Nearly five months since I’ve worked a jigsaw puzzle. For me, this is a long time. I finished a thousand-piece Americana illustration packed with old-fashioned houses, people, and animals during a slow week between shows at the very beginning of March.
My parents liked puzzles of international sites: View-Master-style images of chateaus nestled in the Swiss Alps, the Eiffel Tower, the Parthenon, Capri…pictures with plenty of flora but no fauna or people. After I became a parent I turned to jigsaw puzzles as a way to relieve stress after especially draining times. Even though the meaning is different, the puzzle piece as a symbol of autism resonates with me because working jigsaws feels like a reset of my brain. The sensory details stimulate and comfort: unsealing the edges of the puzzle box, combing through the bright jumbled colors of the puzzle pieces, snapping the pieces into their rows, even stirring the soft gray dust in the bottom of the box. Even more satisfying is assembling a whole from fragments.
During March and April my Facebook feed was flooded with posts about jigsaw puzzles. We had none in the house, and our finances were uncertain. Also I was busy and had just discharged with a puzzle not long before, so puzzles weren’t a concern. By May, though, things had stabilized a bit and I was starting to miss this comfort. I kept on the lookout, but there weren’t puzzles in stores. Online, Buffalo Games was closed. Sellers of dubious provenance were offering some of my favorite lines at three to four times the standard retail price. I was too cautious and cheap to buy.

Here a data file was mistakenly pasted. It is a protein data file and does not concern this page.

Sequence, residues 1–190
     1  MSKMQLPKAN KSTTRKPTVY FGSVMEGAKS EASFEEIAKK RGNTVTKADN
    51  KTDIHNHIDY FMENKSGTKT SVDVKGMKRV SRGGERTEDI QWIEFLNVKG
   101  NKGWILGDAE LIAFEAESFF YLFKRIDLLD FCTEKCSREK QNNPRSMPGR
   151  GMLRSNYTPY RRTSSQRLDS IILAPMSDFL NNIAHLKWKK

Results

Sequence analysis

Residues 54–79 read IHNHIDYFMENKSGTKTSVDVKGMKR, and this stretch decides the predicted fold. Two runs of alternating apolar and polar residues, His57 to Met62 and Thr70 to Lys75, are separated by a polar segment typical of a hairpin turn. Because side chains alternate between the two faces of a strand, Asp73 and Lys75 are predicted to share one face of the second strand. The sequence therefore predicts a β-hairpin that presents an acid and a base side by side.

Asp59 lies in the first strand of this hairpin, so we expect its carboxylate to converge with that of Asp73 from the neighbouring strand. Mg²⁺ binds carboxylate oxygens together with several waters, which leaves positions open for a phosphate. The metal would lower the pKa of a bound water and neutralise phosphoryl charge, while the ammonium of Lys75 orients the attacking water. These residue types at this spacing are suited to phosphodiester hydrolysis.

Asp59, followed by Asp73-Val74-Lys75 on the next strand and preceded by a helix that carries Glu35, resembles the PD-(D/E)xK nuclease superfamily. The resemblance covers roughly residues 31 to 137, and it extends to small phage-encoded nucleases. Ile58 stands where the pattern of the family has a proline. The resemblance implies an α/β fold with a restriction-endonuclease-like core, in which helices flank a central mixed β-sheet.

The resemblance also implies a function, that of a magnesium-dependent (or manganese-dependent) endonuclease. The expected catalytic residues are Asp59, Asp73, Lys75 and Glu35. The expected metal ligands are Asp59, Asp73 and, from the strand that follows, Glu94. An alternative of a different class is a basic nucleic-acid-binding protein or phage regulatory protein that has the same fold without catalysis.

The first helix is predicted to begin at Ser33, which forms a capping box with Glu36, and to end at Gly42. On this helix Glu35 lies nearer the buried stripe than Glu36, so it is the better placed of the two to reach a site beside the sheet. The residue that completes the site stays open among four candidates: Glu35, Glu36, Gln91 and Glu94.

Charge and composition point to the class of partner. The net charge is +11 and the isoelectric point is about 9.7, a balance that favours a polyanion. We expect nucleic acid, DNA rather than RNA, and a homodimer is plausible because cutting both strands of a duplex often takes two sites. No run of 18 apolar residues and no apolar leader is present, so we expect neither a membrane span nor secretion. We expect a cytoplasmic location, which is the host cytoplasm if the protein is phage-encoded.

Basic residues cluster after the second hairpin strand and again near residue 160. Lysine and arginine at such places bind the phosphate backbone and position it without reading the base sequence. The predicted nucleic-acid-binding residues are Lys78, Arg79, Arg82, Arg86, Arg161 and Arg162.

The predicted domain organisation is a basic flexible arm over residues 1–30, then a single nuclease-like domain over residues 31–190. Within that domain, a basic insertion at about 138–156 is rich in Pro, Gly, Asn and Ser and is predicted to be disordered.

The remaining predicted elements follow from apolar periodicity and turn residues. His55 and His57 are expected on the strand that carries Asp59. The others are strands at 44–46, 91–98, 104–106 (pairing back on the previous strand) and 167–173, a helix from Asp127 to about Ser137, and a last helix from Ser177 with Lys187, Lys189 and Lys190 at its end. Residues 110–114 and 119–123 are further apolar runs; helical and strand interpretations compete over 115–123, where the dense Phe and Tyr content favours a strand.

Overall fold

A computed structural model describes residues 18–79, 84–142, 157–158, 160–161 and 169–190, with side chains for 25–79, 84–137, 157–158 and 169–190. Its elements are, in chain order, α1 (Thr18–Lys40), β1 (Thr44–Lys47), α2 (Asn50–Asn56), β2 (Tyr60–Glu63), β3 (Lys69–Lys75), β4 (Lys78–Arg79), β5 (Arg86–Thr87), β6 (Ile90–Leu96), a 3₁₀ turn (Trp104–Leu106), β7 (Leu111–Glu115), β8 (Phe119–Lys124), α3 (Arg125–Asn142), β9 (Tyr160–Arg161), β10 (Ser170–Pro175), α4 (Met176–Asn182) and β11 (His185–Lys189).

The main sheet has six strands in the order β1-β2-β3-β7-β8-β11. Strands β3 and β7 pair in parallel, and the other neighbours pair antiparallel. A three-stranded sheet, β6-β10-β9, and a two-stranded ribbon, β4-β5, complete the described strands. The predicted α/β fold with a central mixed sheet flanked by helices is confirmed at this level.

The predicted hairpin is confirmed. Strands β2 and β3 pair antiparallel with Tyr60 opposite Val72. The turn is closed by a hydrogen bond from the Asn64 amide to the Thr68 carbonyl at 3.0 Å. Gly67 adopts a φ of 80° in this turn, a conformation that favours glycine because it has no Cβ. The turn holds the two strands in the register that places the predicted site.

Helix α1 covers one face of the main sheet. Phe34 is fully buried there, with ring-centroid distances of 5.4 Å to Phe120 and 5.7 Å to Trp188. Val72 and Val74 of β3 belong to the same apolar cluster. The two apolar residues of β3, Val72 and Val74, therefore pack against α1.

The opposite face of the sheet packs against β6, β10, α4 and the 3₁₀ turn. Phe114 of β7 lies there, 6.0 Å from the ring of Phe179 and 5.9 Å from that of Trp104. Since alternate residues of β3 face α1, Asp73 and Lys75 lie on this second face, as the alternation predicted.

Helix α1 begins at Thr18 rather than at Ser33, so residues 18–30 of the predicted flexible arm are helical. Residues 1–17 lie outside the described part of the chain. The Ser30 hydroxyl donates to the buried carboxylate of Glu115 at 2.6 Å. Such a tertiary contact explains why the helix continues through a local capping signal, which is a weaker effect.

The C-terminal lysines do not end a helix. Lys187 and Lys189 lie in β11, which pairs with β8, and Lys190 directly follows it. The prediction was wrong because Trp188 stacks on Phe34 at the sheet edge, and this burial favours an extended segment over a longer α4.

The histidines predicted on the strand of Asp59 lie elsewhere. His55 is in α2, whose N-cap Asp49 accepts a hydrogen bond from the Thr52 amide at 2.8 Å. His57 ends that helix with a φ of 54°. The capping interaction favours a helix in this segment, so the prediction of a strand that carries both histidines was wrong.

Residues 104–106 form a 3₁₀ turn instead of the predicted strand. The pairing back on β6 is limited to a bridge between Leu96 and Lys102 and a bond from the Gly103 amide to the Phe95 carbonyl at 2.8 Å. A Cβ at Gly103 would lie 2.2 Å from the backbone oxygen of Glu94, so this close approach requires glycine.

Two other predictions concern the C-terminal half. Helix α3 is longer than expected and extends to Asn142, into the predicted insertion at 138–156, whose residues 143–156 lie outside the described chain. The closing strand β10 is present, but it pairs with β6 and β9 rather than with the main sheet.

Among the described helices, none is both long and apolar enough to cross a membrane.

This week, the end of July—I happened upon a Charles Wysocki in a store. Wysockies are my most guilty pleasure of all puzzle lines. The puzzle was a thousand pieces, normal price, so I bought it. At the end of the work week, after teaching my last lesson, I pried open the box and started fishing out edge pieces. Then occurred pleasant surprise number one: my husband Dave brought me a glass of wine. (It was a surprise because that morning there had been no wine in the house.) Then surprise number two: I checked out Netflix for the first time in several weeks and found two new seasons of my favorite docu-series.
This tripling of treats produced pure joy that lasted for many minutes, dulling over an hour or so to a normal soothing feeling. Joy is fleeting and can’t be scheduled. It bursts from some activity that I already enjoy, flushed by the unexpected: rounding a corner on a morning walk to find a family of deer, being one voice in a rare, perfectly tuned, shimmering chord… The hard part is enjoying the walk or rehearsal the next time when things go back to normal.
Joy’s opposite is also short, although despair rushes out of the undergrowth more readily. The pandemic and the US president’s mishandling of it (and everything else that he’s touched) are constants, but every day brings fresh dread surprises. In misery’s case I’m glad for the transience, but I try to remember the joys fondly. I try to have confidence that over time, I can piece the puzzle together.